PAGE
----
Muslims create the Entertainment Software Rating Association to judge how well videogames portray Islamic values.
During the Dubai World Game Expo today, the Iran National Foundation of Computer Games and Index Holding, a Dubai mega-corporation, announced the formation of the Entertainment Software Rating Association (ESRA). The purpose of the ESRA in rating games based on Islamic values of truth and virtue is to educate parents on what their children are playing. Like the U.S. organization, the ESRB, participation with the ESRA is voluntary and publishers of videogames would need to send their games to be rated. The founders of the ESRA hope that publishers comply so that they become aware of what will resonate or possibly offend the Islamic audience.
“The approach of Islam is based on human being innateness ‘Al Fitra,’ and the most important innate trends are truth, virtue, benevolence, excellence tendency, innovation and creativity,” said Dr. Behrouz Minaei, managing director at the Iran National Foundation of Computer Games. “That’s why we made sure that ESRA team are proficient in these areas: Religion, psychopathology, educational psychology, social psychology, sociology of the family, family sociology, emotional psychology, family therapy and educational technology.”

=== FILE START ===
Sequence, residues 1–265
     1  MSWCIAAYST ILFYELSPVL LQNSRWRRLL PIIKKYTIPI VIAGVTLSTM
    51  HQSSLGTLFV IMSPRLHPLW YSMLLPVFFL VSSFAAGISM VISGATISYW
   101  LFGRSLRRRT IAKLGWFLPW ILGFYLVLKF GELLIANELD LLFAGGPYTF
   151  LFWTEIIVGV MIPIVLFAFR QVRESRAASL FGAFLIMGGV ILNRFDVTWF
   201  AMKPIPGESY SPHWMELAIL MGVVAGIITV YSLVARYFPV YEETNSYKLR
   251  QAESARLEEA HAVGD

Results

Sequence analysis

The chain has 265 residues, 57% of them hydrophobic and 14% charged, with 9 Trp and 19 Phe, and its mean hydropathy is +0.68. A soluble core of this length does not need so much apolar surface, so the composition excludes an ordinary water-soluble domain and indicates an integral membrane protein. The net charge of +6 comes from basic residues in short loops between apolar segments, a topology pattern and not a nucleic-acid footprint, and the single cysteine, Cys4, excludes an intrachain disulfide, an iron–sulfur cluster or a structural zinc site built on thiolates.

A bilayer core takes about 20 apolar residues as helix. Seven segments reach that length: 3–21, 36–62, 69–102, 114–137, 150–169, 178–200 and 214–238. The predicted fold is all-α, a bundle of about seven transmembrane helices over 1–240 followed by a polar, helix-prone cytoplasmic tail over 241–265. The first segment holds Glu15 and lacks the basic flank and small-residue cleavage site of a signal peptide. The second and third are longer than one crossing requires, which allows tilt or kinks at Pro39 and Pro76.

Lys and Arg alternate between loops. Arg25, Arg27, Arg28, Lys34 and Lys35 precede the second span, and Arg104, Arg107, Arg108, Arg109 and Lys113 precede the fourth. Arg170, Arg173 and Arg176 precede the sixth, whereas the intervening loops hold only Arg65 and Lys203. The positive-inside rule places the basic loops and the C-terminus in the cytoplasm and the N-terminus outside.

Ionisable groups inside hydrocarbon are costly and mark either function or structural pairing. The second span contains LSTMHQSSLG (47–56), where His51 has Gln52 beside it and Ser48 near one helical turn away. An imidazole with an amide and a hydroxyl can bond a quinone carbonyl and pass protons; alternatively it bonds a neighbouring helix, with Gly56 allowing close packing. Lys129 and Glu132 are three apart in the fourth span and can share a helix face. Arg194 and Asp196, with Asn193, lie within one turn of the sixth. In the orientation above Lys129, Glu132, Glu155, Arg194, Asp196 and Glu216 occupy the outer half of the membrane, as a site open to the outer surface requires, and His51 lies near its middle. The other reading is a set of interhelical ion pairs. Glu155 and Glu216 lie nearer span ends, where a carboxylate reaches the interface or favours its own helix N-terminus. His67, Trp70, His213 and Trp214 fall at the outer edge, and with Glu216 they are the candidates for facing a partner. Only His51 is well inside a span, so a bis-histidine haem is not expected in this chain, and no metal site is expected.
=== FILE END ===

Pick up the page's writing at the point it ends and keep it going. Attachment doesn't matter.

“We as organizers endorse this initiative which aims at evolving the Islamic values and maintain the conservative aspect within the children and the society in general,” said Anas Al Madani from Index Holding. “We are keen on encouraging game developers and publishers to use the ESRA system, as it enables publishers to understand the nature of the Islamic society and the different aspects that it emphasizes.” Al Madani continued:
We would like to announce that there will be a communication approach between the developers of the ESRA system and game developers to use this system while promoting their games.
ESRA will work as an indicator for game companies in order to know whether the games approve with the Islamic values, and do not violate any of the Islamic traditions in Islamic countries.
It’s not clear what the ratings will look like exactly. We don’t know whether it will be a sliding scale of upholding Islamic values or a binary “Approved” or “Not-Approved,” for example.
I’m honestly not sure how I feel about a new Islamic ratings system. I recognize that the sensibilities of different cultures and religions differ greatly, and that the ESRB might encapsulate Western values but doesn’t adequately cover how a Buddhist or Muslim might react to a videogame. I also like that Al Madani is trying to open up communication between the makers of videogames and the Islamic world.
But I’m worried that the ESRA could be the start of a worrisome trend. While the U.S has a tradition of respecting free speech, there is no equivalent to the First Amendment in many Islamic nations. Laws could be enacted in Middle Eastern countries which forbid the sale of games which are rated poorly by the ESRA. I’m also not sure that it’s a good idea to have a videogame rating system based on each and every race or creed in the known world as it could quickly become confusing and needlessly complicated. “Well, the ESRB gave Mass Effect 3 an M for Mature, the ESRA gave it a WP for Western Propaganda, and the Communist Ratings Board gave it a CaP for Capitalist Pigdogs! What’s a parent to do?”
So while the intentions of the ESRA may be good, I will watch how this all plays out from my armored bunker in the Mojave desert with a fair amount of trepidation.